Back in April, Apple launched a high-yield savings account with investment banking giant, Goldman Sachs. Offering an annual percentage yield (APY) of 4.15% (over ten times the U.S. national average), the account was an immediate success and attracted over $1 billion in deposits in the first four days after its launch.
Unfortunately, while Apple and Goldman Sachs were more than happy to take their customers’ money, it seems that they are somewhat less keen to give it back. Just three days after the official launch, a thread titled “Apple Savings won’t allow me to withdraw?” was created on Apple’s community support forums.
Apple’s forums have a ‘Me too’ button for those who are experiencing similar problems, which has been clicked by 258 other people as of June 4. Some users have reportedly waited several weeks for withdrawn funds to reach the receiving account, according to a report from the Wall Street Journal.
Customers are allegedly given inconsistent advice by Goldman Sachs customer services operatives, with one being told to “wait a few days,” each time they called up. Some have reported more success when withdrawing money to the same account that the funds were originally transferred from, but many have complained that funds simply disappeared without turning up in the expected destination account.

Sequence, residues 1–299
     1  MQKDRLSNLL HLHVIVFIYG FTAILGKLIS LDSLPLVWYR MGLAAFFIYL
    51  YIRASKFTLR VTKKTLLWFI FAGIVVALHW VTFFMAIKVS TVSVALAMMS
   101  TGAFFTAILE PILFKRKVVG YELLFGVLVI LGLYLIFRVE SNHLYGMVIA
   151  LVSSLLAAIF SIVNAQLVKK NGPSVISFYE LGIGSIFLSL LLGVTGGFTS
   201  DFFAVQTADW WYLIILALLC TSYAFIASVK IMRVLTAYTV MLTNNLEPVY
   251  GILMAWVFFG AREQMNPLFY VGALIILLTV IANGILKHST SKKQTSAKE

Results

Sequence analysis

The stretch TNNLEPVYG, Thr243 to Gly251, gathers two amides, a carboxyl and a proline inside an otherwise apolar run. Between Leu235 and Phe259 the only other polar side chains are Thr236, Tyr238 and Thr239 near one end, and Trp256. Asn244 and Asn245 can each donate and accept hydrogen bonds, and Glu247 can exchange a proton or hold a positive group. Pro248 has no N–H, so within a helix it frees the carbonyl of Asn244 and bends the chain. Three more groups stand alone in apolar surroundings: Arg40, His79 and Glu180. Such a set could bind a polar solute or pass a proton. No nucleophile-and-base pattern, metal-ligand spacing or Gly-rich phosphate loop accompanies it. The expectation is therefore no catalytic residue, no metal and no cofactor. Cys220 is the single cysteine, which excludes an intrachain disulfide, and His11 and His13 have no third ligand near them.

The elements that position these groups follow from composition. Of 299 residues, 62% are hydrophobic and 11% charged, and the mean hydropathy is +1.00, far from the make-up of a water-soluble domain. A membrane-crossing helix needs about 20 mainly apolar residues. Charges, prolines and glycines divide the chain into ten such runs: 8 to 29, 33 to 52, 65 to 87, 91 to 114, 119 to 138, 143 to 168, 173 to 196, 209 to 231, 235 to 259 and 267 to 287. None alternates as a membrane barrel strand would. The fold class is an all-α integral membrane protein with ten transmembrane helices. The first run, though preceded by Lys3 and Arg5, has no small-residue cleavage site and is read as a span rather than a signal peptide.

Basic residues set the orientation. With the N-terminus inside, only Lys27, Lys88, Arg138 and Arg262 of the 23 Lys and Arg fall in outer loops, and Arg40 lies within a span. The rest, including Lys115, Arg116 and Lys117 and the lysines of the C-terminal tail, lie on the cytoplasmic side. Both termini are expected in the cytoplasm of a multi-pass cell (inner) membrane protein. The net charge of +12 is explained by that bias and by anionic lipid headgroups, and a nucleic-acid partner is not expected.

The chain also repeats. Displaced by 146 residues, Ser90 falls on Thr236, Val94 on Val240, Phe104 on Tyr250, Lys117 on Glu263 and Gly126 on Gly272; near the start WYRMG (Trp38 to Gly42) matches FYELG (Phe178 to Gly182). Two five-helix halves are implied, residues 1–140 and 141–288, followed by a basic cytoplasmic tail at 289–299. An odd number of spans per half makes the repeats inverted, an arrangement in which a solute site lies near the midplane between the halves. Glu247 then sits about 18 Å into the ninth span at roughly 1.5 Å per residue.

A statement from Goldman Sachs claimed that the issues may be down to “a delayed transfer due to processes in place designed to help protect [customer] accounts,” adding that it “takes our obligation to protect our customers’ deposits very seriously.”
Anti-money laundering (AML) experts suggested that new accounts such as Apple’s savings account can set off alarm bells, and security concerns can be raised when customers try to transfer large sums of money from newly opened accounts.
This is no consolation to the customers who have fallen victim to these issues, such as Grammy-winning musician, Antonio Sanchez. Sanchez allegedly spent weeks navigating an opaque customer service system, trying to track down $100,000 of funds intended for a real-estate purchase, before eventually having to borrow the money from his mother-in-law.
Which begs the question, why would anyone trust their money with a conventional bank, when funds are apparently at the whim of AML legislation which can see them seized and withheld until further notice?
Affected customers are calling the whole affair “Very un-Appley,” and the tech giant will undoubtedly want to distance itself from the problems.